A study of cancer research shows how the new drug screen can individualize cancer therapy

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A study by researchers at Harvard’s Ludwig Center has shown how a drug detection method known as dynamic BH3 profiling can be used to quickly identify potentially effective combinations of existing drugs for personalized cancer therapy.

“It simply came to our notice then cells i they have different metabolisms, ”said Anthony Letai, a Ludwig Harvard researcher who, with former postdoctoral researcher Veerle Daniels, led the study published in the current issue of Scientific signage. “Using the BH3 profile, we found a specific metabolic dependence on triple-negative breast cancer cells obtained from a patient that we could target with an existing drug, making the cells more susceptible to death and preparing- them by a second targeted drug that could then cause death. “

Daniels, Letai, and colleagues also demonstrated that the strategy suppresses the growth of triple-negative breast cancer (TNBC) in mice carrying patient-derived tumors.

Although tumors often have unique metabolic adaptations on which they depend, specifically targeting these drug vulnerabilities has proven to be a challenge. These drugs have often failed because they were poorly targeted or too toxic at the doses needed to kill cancer cells when used as individual agents.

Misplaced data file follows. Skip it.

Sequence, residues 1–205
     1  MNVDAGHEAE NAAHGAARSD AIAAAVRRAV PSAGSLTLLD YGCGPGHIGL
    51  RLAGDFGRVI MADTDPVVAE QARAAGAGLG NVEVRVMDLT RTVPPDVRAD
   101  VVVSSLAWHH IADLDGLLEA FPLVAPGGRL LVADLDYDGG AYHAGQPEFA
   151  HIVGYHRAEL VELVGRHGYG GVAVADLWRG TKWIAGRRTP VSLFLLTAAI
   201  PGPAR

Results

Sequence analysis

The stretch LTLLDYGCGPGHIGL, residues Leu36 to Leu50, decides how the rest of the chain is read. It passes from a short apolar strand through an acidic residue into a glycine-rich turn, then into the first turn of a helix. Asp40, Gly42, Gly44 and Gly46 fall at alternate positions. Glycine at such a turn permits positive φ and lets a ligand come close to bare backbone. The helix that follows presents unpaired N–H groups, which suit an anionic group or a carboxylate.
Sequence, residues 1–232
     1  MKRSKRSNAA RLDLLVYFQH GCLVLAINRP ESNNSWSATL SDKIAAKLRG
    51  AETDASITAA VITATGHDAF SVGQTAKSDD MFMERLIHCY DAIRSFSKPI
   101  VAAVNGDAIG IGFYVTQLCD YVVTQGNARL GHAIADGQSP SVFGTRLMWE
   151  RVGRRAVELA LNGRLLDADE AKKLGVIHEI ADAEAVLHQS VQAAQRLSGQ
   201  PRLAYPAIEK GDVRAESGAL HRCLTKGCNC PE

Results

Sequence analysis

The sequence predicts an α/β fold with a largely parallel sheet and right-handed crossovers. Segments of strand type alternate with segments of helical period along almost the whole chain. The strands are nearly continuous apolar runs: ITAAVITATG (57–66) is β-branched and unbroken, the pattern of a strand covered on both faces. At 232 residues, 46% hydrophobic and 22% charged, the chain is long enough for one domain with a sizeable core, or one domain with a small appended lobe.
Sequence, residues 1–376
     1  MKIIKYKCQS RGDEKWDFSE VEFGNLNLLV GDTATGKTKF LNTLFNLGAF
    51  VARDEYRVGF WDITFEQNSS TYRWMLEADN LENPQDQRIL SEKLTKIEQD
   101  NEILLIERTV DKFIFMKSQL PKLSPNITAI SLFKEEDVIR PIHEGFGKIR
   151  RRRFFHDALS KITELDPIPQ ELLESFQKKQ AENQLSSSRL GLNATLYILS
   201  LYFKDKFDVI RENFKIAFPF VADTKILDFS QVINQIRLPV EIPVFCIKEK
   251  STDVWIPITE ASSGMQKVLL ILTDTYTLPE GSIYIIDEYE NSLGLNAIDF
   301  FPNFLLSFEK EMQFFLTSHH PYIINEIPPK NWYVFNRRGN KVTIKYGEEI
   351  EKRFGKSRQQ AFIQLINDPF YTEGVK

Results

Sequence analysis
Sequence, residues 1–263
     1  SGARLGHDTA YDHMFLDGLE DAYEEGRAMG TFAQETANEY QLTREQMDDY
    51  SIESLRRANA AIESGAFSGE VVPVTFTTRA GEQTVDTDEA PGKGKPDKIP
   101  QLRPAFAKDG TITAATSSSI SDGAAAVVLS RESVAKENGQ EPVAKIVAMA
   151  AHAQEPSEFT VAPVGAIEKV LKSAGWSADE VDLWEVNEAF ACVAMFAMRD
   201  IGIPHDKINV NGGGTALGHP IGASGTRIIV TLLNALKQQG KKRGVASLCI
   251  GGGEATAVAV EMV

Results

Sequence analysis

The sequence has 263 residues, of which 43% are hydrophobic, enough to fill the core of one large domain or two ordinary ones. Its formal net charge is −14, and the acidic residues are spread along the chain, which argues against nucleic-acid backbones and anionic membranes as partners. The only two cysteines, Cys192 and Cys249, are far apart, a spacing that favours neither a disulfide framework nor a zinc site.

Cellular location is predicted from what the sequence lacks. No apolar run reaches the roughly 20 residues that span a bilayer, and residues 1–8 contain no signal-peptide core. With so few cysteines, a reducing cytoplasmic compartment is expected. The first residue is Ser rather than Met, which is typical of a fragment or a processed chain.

“We wanted to see which of the known drugs that disrupt metabolism would bring TNBC cells to death, but they were leaving. The researchers reasoned that these cells could be selectively targeted by existing therapies known as BH3 mimetics to push them above the limit. Because initial preparation treatment requires low doses of the drug, this strategy could reduce the risk of toxicities that have affected the development of drugs aimed at cancer metabolism.

Therapy often induces in cancer cells a type of programmed death known as apoptosis, which is orchestrated by an elaborate protein machinery. However, cells also produce anti-death proteins that inhibit key elements of this machinery. Whether a stressed cell dies or survives depends on the balance of pro-death and anti-death proteins, and cancer cells often produce large amounts of the latter to escape apoptosis and resist therapy.

BH3 mimetics inhibit anti-death proteins, tipping the balance in favor of cell suicide. It should be noted that a BH3 mimetic has already been approved for the treatment of certain blood cancers and other drugs of this type are in various stages of development.

Dynamic BH3 (DBP) profiling, developed in the Letai laboratory, measures the same balance of pro-death and anti-death proteins to assess the degree of readiness of a patient’s tumor cells for apoptosis after exposure to a drug. Therefore, it represents a potentially fast and unbiased method for detecting hundreds of drugs at once to find those most likely to treat tumors in a given patient.

Daniels, Letai, and colleagues used DBP to examine a “library” of 192 metabolically disrupting compounds, developed in the lab by Ludwig Harvard co-director Joan Brugge, for its effects on normal cells and TNBC. Eight altered the metabolism of cancer cells, but left normal cells undisturbed.